It says more about me than I’d like it to – but I’ll come clean and admit that I’ve fully succumbed to a nearly 100% digital lifestyle when it comes to the consumption of music (the occasional 45 or LP purchase notwithstanding – as these are purchased for ultimate digitization purposes). This really doesn’t even involve compact discs any longer. Everything I listen to, it’s on my phone. Yeah, my telephone. Who among us would have imagined such an abomination, even a couple of years ago? I listen to upwards of an hour or two of music every day, and most often more. Much of this is done in the car, as I’m one of the unfortunate cogs in the great, grinding corporate deathburger who commutes a great distance to work. I’ve outfitted my chariot with an auxiliary hook-up that lets me plop the HTC One smartphone or my iPod Touch into a cradle, and then run whatever comes out of it through my car’s speakers. Perhaps you’ve seen, or have yourself experienced, such a get-up. Not to put too fine a point on it, but it has been culturally life-changing, and totally has opened me up to entirely new ways of getting clued in about radical new sounds.

I thought I’d pull together the music apps that I whole- or at least halfheartedly recommend for you. You’ll probably heard of most of ‘em. Granted, this is mostly an Android conversation, so I apologize in advance to any lingering iPhone users out there who haven’t jumped ship like I did a couple years ago – though I’m pretty sure most of these are available for you holdouts, too. If you’re still rocking a StarTac or a Razr, I’m sorry, but I do admire your stance on many levels.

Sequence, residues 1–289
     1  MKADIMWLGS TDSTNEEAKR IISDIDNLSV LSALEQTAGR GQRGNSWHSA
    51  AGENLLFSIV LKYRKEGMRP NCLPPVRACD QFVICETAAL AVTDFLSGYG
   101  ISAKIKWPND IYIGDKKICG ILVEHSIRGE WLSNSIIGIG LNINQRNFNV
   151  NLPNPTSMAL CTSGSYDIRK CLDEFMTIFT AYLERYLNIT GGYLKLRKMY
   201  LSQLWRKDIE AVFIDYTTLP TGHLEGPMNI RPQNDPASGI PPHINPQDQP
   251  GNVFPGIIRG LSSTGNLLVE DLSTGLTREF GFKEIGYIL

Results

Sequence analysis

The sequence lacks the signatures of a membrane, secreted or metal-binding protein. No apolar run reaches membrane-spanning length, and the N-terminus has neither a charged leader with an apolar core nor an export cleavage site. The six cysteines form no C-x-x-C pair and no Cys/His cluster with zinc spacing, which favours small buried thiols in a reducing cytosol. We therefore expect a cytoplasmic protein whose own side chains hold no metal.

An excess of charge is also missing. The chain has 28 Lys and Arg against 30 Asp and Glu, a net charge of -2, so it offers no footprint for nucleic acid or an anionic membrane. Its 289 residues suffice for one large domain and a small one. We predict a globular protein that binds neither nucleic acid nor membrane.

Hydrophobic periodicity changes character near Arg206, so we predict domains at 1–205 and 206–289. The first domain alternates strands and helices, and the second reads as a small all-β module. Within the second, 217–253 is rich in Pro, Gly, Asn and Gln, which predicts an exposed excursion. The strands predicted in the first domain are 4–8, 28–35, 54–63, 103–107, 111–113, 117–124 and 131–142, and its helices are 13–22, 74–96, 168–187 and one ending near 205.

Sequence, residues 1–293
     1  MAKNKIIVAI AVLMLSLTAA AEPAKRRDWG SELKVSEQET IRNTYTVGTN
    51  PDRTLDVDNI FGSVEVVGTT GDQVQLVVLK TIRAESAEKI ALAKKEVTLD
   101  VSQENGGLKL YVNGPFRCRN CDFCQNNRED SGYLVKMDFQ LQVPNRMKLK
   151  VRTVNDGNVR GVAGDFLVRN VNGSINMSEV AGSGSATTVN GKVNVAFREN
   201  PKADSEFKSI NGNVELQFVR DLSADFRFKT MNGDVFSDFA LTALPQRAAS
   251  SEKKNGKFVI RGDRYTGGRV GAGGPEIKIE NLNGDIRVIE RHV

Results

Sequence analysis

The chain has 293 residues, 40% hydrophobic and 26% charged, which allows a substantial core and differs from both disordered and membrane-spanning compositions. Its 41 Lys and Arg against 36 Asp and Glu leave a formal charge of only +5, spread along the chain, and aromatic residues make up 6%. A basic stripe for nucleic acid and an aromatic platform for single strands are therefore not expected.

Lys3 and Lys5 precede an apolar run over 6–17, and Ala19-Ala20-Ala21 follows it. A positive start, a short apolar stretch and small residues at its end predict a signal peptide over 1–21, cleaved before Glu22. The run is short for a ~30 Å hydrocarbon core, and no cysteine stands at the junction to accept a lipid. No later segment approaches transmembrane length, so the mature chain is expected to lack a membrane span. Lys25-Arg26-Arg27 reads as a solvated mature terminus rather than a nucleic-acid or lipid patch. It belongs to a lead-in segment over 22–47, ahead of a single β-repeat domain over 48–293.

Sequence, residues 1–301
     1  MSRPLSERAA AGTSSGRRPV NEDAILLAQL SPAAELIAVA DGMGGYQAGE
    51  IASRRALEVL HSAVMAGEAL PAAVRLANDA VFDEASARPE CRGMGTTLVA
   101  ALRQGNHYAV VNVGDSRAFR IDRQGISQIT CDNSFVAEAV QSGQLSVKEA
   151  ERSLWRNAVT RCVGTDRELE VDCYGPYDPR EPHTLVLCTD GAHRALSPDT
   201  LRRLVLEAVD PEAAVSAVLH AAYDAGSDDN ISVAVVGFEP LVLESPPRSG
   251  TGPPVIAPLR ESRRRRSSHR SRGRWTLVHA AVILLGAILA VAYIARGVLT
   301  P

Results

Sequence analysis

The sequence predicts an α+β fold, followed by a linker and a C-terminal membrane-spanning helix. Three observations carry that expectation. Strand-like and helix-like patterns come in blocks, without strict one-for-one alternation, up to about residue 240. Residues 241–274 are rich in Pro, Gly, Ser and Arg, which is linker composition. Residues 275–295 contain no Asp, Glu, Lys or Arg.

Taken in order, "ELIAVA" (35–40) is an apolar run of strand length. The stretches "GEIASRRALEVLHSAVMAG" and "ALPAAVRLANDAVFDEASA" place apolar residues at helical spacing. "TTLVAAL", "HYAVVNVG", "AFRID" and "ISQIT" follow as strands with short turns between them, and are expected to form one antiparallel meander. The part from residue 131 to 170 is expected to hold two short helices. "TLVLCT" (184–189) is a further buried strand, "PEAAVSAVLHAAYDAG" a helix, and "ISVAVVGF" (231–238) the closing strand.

SPOTIFY – Perhaps no application or service has so upended the way music is consumed and delivered as Spotify has. Some might say for ill perhaps musicians themselves, say – and I’m certainly sympathetic to the argument. That said, wearing my pure consumer hat, I happily pay them ten bucks a month to listen to the app, ad-free, on mobile – in fact, I have never actually experienced Spotify as a “free” customer, since I rarely use a PC to listen to music. The catalogs they pull from run incredibly deep, and often include brand-new independent and deeply underground 45s and LPs the week they’re released. Not everyone’s on there, of course, but seems like 9 out of 10 things I hear about and want to try are easily found within the app, especially the weirdly experimental music often written about in publications like The Wire. The mobile app lets you subscribers store stuff for offline listening, kinda like you “own” it – which makes it easy to listen to in poor coverage, or when you’re off the wireless grid entirely. And despite aforementioned grumblings from a few artists about meager paychecks, I’m chastened to know that every song I stream deposits at least a couple hundredths of cents in the musicians’ bank accounts. Totally essential app for the modern music doofus, and I have to say it’s getting better every update.


FLICKTUNES (now called CARTUNES) – This iTunes alternative could better be classified as a “public safety” app, as it’s probably kept me from plowing my vehicle into those in front of and on the sides of me on far too many occasions. You know how when you’re playing a song or even a downloaded podcast or radio show in iTunes, you’re only able to “scroll” though a song – but not advance it 30 seconds forward or backward? I know – horrifically lame, right? (they call that bar the “scrubber”, by the way. Thought you’d like to know that). That doesn’t work when you’re driving, even when your iPhone or iPod is mounted right in front of you there on the air vents. FlickTunes lets me use a “two-finger swipe” to easily advance 30 seconds in any song, which works especially well when I’m listening to a radio show and I don’t wanna hear a particular song or songs. There are other cool features as well, but that one in particular is a lifeline both for me and the people who drive near me.